China: “it may not be as bad as you think”
Although the current economic situation in China is concerning, investor pessimism may be overdone. Our panel of experts examine what the future holds for China and what impact the themes of deglobalisation, decarbonisation and demographics will have on the country and other emerging markets.
When the Biden administration announced it would ban some US private equity investment into China’s quantum computing, advanced chips, and AI sectors, it was a stark reminder that investors must cope with competing regimes as well as monetary regime shift.
Economic growth in China is deteriorating, and a lack of urgency from the government to stimulate activity has forced Schroders’ economists to cut their projection for GDP growth this year to 4.8% from 6.5% previously.
Could it be that Chinese Covid policy has had a pernicious effect on its consumer? And what does this mean for the ambitious Chinese dream of self-sufficiency and common prosperity?
Themes such as AI and electric vehicles (EVs) are inflating market bubbles elsewhere in Asia. So, with emerging market (EM) equities so dominated by this region, where does the investor find the value?
A panel of experts - Sir Sebastian Wood, former Ambassador to China, David Rees, Senior Emerging Markets Economist, Abbas Barkhordar, Asian Equity Fund Manager and Vera German, Emerging Market Value Fund Manager – offered their insights into the current situation. Stuart Podmore, Investment Propositions Director, chaired the debate.
What’s the story with China?
Sir Sebastian Wood: I’m just back from a trip to Beijing. I detected some cautious confidence that we would see some more robust growth in the second half of the year, that there’s an underlying momentum in domestic consumption and we’ll see that manifest itself in the coming months.
Geopolitics is an important factor in the psychology of the Chinese economy at the moment. We are in an era of heightened geopolitical tension between the US and China and that is a watershed shift in global affairs. Both governments are trying to manage these tensions, but the underlying drivers remain quite concerning. In the medium term we are likely to continue to see US efforts to restrict trade and investment with China in areas of technology that are sensitive, or which have defence applications.
The risk of near-term military conflict with Taiwan is often overstated by the media. People assume the Chinese leadership has a short time-frame for reunification (with Taiwan), but the only time-frame the Chinese leadership has put out for reunification is 2049. In the near term, the Chinese leadership realises that if it were to take aggressive action on Taiwan it would find itself in military conflict with the US. The risks of that would be too great.
Is the Chinese government doing enough to stimulate the economy?
David Rees: The economy has been weaker than we assumed, and we have cut the growth forecast quite substantially. We saw a boom in travel, but this didn’t translate into broader growth, which has been disappointing. There’s also been a structural change in the housing market. Housing had been an important driver of growth over the last 10 to 20 years. But that has started to become excessive, with lots of empty properties that people were buying as investments, storing up problems for the future and a possible housing bubble.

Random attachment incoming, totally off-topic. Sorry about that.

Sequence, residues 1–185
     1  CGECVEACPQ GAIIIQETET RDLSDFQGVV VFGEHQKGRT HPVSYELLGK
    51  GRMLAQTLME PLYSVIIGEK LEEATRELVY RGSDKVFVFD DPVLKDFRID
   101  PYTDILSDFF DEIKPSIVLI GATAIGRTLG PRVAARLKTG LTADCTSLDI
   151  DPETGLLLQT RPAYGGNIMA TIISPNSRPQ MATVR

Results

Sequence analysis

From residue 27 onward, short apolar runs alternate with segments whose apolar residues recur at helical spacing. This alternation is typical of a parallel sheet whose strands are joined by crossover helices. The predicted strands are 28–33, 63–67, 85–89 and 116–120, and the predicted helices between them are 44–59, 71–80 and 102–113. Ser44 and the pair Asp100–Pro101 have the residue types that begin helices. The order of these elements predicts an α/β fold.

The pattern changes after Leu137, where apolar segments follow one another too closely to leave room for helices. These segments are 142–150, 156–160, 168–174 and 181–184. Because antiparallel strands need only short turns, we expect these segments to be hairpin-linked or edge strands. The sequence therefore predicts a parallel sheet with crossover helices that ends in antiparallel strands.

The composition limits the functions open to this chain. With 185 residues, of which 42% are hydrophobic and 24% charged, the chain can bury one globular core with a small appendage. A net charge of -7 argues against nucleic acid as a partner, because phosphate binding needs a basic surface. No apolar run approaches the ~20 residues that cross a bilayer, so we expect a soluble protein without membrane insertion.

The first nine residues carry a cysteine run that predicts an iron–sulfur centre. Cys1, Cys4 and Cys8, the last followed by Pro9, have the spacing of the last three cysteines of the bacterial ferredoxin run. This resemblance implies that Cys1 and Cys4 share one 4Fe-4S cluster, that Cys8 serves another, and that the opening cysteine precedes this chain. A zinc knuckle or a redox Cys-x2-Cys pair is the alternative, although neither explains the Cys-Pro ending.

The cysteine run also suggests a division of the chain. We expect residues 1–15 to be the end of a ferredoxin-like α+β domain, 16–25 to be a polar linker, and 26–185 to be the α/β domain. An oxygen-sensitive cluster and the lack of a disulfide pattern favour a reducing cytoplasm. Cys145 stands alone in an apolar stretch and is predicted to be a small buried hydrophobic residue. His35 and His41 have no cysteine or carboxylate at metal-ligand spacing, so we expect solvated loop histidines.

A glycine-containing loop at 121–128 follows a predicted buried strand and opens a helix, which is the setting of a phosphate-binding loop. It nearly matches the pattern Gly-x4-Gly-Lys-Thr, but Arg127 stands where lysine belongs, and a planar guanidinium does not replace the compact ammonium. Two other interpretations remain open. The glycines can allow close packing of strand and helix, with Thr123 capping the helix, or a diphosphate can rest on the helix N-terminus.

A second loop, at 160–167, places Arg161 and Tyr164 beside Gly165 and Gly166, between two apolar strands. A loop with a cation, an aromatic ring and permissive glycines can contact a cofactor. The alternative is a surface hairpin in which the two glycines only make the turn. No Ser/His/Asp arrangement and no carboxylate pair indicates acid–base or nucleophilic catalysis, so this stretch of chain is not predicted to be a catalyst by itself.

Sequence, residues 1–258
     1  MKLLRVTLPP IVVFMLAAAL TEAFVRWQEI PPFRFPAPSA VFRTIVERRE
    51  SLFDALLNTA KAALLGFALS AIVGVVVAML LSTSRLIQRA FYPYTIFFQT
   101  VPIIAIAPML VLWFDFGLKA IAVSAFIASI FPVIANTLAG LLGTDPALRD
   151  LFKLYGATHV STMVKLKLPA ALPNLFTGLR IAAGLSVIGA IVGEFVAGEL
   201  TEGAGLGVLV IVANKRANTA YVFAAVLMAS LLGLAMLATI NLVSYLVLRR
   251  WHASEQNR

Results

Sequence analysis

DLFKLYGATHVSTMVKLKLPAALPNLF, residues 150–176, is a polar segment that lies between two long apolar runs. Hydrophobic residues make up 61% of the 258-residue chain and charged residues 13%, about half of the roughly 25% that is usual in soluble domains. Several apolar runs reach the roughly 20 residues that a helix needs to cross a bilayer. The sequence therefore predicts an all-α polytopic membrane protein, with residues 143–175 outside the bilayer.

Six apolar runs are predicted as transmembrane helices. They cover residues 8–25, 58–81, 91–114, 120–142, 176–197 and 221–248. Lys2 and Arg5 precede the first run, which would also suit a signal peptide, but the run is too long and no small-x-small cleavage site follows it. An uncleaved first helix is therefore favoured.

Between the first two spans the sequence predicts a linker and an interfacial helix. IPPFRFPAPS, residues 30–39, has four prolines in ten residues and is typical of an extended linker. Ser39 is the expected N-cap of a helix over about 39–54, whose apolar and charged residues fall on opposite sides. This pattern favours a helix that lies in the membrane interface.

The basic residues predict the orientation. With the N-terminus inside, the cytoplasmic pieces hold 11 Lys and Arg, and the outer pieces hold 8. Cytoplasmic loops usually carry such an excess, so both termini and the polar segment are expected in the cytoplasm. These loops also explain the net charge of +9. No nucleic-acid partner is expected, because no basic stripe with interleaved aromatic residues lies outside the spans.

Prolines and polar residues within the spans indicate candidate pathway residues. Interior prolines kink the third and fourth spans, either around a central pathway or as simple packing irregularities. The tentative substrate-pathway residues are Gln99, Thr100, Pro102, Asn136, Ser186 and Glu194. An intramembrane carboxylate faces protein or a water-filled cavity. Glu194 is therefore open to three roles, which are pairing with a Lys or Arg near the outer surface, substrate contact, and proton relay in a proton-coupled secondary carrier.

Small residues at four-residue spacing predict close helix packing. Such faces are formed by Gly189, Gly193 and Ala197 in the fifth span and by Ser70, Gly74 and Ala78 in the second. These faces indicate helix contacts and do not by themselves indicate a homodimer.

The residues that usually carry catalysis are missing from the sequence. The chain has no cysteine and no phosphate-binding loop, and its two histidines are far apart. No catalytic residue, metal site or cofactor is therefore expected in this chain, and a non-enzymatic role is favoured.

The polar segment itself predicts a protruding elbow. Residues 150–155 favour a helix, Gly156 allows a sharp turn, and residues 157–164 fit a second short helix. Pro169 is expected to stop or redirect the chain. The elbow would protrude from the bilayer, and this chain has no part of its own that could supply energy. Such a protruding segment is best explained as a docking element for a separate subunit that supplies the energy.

So, the government has stepped in to try and address that, and that’s led to weaker growth. What’s been surprising is that the government seems to have a much higher tolerance for slower growth than we had assumed it would have had. There’s been a small amount of stimulus, but no big urgency which has caused disappointment in the market. However, the flip side is that by not going back to its old ways, the government is pursuing what it terms as “better quality growth.” There’s been a change in the government’s approach to managing the economy.
How does this fit with the “3D Reset”?
David Rees: The demographics in China are poor. The population is shrinking, so to offset that you need to raise productivity. In terms of deglobalisation, China wants to be more self-sufficient as it’s worried about being carved out of certain areas, such as technology and the supply of semiconductors. Decarbonisation also fits into this as China’s industry is miles ahead of the rest of the world in a lot of the decarbonisation technologies such as electric vehicles and solar energy equipment.
What opportunities are there in China?
Abbas Barkhordar: We have been underweight in China for quite some time, due to some of the issues David (Rees) mentioned, in terms of some of the structural challenges they have. We do think there needs to be a big shift in the drivers of economic growth, towards consumption. Property was a very important part of the economy. It still is, but it’s clearly not a growth driver anymore.
The disappointment this year has been the lack of consumer confidence and that really took a nosedive last year during lockdowns, as people lost faith in the zero-Covid policy. As that was removed, we saw a bit of confidence return, but the ongoing issues in the property sector and lack of growth means that we haven’t seen much of a shift in terms of the composition of the economy. Some of the biggest changes in recent years have been to do with domestic regulation. We have seen that in the technology, healthcare, and education sectors.